Astronomy

Spiral Fueling of a Black Hole

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Science  07 Apr 2000:
Vol. 288, Issue 5463, pp. 13
DOI: 10.1126/science.288.5463.13f

Seyfert galaxies are large spiral galaxies with a bright nucleus. The nucleus is thought to hide an active black hole, on the basis of the observed strong infrared, x-ray, and gamma ray emissions. Understanding how a black hole is fed—that is, how the black hole accumulates enough gas and dust from its surrounding galaxy to fuel its energetic engine—remains an astrophysical puzzle.

Martini and Pogge obtained near-infrared images with the NICMOS camera on Hubble Space Telescope (HST) of 24 Type 2 Seyfert galaxies (Type 2s contain a galactic bulge of molecular gas near the nucleus of the galaxy), and they combined these images with archived optical images taken with WFPC2 on HST to get to the center of the feeding frenzy. Most of the Seyfert galaxies have a centrally located series of dust lanes creating a nuclear spiral that seems to be connected to the center but is clearly detached from the major spiral arms of each galaxy. Estimates of the amount of dust in the nuclear spirals suggest a minimum of a million solar masses of material, more than enough to support the activity of a black hole. Furthermore, the spirals are multi-arm pinwheels, which indicates that they did not form due to gravitational instabilities in self-gravitating disks; instead these nuclear spirals may have formed by the propagation of shock waves, which would reduce the angular momentum of the gas in the accretion disk.—LR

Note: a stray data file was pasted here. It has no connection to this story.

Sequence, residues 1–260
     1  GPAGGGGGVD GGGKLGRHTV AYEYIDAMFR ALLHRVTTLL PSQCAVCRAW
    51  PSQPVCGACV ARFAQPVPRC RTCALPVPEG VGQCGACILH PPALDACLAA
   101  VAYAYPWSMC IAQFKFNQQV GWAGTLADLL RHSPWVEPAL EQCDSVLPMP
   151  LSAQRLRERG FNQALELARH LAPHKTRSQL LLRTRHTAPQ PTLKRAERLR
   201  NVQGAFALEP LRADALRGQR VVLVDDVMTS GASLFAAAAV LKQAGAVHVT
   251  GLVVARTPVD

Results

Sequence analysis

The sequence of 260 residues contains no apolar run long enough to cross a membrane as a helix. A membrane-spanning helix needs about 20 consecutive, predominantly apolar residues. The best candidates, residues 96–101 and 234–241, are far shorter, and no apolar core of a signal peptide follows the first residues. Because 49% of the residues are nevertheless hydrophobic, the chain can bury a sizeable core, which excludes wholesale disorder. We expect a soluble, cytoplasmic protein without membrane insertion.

Astron. J.118, 2646 (1999).

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